Because I’m so tired of reading about people who cannot take a simple step to prevent future death and suffering by donning a mask!

Look, sometimes I hate the way a seatbelt feels. I don’t like being restricted in my movements. I don’t know anyone who enjoys feeling like that. Yet, the fact is I CAN still move, and a seatbelt protects me. If I am safe, I am available for my children. I am here for my family and my future. The end.

No one likes the way a mask feels. It’s hot, it feels stifling and intrusive. I get it! I feel that way, too. The truth is you CAN still breathe, and a mask protects you AND me. If you find it stifling, try a different kind of mask. Ask someone else what works for them.

Many people are arguing that the majority of people who contract the virus recover from COVID-19, and therefore, they are not worried about being infected with it. Yes, that is true. However, I would argue that you just don’t know for sure if you will recover or the seriousness of your illness. There are cases of healthy young children and adults succumbing to this awful affliction. There are cases of healthy young children and adults getting over the virus, but having their health so adversely affected that they face months of difficult rehabilitation in order to fully recover.

You don’t know. Just like when you get in a car, as a driver or a passenger, you never know if you will be in an accident. You cannot predict the seriousness of an accident. No one gets in a car planning to get hurt or killed. No one plans to hit a deer. No one wakes up and goes to work planning to be hit by a drunk driver, or to skid on the ice or rain or oil, or to be pinned under tons of metal with crushed bones or organs, waiting to be cut free. So they put on a seatbelt – you know – just in case!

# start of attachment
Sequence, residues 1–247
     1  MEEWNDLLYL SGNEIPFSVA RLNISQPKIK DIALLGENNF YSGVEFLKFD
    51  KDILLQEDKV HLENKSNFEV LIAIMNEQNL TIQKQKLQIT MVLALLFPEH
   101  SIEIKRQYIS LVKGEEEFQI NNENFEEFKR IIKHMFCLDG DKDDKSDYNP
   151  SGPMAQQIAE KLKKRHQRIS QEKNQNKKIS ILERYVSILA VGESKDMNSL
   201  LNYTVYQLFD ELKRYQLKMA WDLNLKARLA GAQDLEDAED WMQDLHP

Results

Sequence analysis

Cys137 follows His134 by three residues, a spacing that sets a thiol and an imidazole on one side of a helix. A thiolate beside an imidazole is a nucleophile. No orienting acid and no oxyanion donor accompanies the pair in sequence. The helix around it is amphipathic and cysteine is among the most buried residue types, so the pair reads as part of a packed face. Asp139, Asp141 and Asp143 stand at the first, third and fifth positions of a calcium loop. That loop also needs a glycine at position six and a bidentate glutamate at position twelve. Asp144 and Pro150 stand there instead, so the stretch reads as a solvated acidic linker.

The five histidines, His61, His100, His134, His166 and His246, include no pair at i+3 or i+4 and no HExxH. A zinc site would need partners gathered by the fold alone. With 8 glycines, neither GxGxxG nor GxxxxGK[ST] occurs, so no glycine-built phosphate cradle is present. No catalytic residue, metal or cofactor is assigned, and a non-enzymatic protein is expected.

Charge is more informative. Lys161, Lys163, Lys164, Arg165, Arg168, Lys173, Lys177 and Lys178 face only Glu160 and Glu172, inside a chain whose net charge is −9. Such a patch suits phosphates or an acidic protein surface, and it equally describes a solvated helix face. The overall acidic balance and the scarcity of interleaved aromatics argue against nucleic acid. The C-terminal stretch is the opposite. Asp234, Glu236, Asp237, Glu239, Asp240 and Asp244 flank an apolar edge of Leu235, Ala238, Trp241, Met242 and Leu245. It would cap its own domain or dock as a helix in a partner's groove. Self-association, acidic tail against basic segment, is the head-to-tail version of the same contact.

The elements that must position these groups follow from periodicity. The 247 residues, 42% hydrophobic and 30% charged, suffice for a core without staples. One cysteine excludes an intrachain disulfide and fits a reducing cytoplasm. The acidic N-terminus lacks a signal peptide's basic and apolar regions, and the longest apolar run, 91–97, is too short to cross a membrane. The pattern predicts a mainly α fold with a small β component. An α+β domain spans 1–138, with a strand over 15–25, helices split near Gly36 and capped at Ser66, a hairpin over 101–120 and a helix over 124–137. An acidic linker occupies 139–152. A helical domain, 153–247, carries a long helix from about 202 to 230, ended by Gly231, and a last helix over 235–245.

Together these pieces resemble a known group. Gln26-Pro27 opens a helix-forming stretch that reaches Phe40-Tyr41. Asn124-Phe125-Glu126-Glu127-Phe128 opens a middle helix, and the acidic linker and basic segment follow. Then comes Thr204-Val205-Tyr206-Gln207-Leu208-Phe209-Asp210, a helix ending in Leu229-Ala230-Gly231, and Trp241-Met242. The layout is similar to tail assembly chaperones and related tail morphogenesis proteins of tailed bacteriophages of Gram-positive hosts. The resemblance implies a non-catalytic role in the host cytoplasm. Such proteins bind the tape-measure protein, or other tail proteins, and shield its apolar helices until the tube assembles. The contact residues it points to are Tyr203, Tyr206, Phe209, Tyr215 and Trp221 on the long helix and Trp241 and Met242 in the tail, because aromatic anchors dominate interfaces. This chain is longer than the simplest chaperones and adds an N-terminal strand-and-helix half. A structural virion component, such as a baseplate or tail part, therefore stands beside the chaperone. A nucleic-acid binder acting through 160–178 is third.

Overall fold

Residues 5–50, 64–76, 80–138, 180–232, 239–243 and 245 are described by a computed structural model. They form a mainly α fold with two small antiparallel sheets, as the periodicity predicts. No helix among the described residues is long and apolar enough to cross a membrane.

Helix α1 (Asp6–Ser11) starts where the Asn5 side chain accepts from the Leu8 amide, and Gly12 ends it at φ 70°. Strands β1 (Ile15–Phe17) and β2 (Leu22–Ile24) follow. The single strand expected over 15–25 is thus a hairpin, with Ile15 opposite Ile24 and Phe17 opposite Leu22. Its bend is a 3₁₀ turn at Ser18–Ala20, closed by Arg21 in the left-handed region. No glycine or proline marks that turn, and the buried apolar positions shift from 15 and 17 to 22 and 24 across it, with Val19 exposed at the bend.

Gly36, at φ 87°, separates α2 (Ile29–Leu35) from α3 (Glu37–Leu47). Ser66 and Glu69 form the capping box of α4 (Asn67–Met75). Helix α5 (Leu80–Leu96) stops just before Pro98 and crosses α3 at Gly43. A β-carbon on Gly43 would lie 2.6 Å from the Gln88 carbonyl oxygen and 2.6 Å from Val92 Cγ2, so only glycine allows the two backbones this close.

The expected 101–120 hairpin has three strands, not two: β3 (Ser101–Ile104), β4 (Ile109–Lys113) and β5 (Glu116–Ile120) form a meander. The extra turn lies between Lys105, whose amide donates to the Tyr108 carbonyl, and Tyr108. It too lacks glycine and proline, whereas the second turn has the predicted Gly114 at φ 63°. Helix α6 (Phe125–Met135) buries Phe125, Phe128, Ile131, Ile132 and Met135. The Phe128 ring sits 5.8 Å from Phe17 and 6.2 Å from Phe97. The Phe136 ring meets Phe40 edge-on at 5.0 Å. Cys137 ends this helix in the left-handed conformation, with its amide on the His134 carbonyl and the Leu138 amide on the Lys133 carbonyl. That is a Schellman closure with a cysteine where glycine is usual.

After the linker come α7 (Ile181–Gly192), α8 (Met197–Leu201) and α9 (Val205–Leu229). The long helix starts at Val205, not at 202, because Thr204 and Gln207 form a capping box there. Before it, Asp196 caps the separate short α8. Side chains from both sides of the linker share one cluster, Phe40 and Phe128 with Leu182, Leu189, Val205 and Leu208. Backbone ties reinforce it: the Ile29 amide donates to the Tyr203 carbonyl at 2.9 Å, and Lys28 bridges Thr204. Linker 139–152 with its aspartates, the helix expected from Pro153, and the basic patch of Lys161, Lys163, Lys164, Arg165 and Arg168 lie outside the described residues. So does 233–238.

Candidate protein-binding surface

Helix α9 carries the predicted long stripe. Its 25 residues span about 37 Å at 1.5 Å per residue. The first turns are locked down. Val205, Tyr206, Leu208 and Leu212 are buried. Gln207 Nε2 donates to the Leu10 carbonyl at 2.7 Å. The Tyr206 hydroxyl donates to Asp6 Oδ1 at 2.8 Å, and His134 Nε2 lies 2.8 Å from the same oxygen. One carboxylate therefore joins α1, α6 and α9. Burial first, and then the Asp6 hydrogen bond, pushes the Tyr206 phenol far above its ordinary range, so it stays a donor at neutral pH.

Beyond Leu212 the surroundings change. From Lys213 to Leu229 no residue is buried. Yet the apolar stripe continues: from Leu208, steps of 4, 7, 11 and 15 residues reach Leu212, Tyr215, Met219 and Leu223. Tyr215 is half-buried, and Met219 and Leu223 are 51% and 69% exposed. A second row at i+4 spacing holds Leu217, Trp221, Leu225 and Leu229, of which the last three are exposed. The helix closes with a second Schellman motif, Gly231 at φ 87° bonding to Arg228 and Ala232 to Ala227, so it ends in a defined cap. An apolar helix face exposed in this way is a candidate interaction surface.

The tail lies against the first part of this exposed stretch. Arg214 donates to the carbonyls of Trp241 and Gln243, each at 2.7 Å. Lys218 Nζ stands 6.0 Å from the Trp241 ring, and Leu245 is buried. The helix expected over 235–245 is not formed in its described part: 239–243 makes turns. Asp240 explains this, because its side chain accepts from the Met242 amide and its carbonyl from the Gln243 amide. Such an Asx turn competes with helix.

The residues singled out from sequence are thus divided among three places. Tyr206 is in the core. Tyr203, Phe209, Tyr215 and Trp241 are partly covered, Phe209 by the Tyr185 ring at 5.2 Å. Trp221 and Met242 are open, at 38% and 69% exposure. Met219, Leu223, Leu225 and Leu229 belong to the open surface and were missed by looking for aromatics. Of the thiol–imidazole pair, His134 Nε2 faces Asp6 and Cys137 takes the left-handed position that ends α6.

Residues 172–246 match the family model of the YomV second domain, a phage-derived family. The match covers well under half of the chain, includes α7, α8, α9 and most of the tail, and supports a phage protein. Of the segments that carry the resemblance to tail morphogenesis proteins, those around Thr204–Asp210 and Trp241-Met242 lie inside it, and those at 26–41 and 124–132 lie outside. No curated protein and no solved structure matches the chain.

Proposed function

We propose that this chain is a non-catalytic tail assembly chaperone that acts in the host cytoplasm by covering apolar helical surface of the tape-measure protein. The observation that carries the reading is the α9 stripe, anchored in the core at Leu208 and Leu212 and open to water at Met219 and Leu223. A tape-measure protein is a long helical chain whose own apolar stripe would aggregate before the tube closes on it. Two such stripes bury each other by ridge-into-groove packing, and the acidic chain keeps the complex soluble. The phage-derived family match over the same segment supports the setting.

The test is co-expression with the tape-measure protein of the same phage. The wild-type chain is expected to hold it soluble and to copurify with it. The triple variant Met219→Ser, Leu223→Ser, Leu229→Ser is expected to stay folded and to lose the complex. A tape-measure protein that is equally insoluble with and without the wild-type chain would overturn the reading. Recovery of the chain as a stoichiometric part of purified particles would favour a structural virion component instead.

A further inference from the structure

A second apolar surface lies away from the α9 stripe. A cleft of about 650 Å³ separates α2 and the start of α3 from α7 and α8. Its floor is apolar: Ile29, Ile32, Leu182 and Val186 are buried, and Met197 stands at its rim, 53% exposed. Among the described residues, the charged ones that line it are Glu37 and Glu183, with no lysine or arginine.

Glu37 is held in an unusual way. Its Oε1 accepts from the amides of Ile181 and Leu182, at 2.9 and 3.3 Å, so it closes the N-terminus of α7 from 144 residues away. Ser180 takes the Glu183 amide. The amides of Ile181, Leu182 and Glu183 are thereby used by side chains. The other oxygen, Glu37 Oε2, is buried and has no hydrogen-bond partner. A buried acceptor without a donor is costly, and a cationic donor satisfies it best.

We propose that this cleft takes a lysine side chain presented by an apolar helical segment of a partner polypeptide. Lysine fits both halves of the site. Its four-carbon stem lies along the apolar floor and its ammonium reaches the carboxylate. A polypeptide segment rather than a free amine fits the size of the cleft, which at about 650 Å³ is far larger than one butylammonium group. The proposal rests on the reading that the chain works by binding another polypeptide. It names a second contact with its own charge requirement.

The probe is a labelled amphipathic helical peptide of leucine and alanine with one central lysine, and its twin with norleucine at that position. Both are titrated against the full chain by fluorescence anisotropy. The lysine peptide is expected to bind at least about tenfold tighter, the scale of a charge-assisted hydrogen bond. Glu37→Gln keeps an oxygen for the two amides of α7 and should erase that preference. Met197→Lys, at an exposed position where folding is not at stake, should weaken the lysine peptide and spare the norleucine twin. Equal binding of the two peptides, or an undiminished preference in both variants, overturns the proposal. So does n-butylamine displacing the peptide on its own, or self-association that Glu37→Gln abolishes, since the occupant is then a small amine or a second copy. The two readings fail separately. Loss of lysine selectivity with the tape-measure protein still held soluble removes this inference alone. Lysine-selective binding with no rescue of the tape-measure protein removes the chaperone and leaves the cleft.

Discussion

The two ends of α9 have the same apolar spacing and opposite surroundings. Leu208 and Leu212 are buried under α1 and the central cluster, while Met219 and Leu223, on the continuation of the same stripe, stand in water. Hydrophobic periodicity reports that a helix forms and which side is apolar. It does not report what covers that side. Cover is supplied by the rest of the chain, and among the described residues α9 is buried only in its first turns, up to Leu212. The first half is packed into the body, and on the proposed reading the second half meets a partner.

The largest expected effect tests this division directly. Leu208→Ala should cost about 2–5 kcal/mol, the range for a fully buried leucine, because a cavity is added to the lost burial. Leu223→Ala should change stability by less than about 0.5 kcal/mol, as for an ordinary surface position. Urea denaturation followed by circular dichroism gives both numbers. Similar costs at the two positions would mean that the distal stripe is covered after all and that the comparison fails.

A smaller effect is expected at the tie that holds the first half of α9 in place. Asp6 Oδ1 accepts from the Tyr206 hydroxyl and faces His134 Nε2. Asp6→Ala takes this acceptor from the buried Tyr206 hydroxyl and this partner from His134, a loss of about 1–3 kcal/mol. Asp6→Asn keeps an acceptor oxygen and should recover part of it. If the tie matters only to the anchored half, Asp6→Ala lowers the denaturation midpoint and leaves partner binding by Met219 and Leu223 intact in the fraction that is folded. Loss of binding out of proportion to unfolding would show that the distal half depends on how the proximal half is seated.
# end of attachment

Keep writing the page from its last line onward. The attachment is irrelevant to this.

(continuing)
This virus is still very new. There is so much we have to learn about it and our human response to it. We aren’t sure of why certain people are affected while others aren’t. We don’t yet understand if survival equals immunity, especially since we are seeing repeat infections. The symptoms aren’t even consistent. It’s an enigma, still.

So, why take a chance? You never know. Why would you risk your health or your life or your family’s lives for convenience? How many relatives of car crash fatalities live every single day wondering why their loved one didn’t put on a seatbelt? Just wear the mask, just like you just wear the seatbelt. The seatbelt law was enacted to force people to save their OWN lives. When left to our own devices, humans often don’t do the right thing. If you don’t like being told what to do, just put on the mask while you have a choice and before it becomes a legislated issue. We will be stuck in this pandemic abyss until people either choose to do the right thing or until people are forced to do things they don’t like. Wouldn’t you rather have the choice?

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1 Response to “The victim wasn’t wearing a seatbelt”

  1. MT says: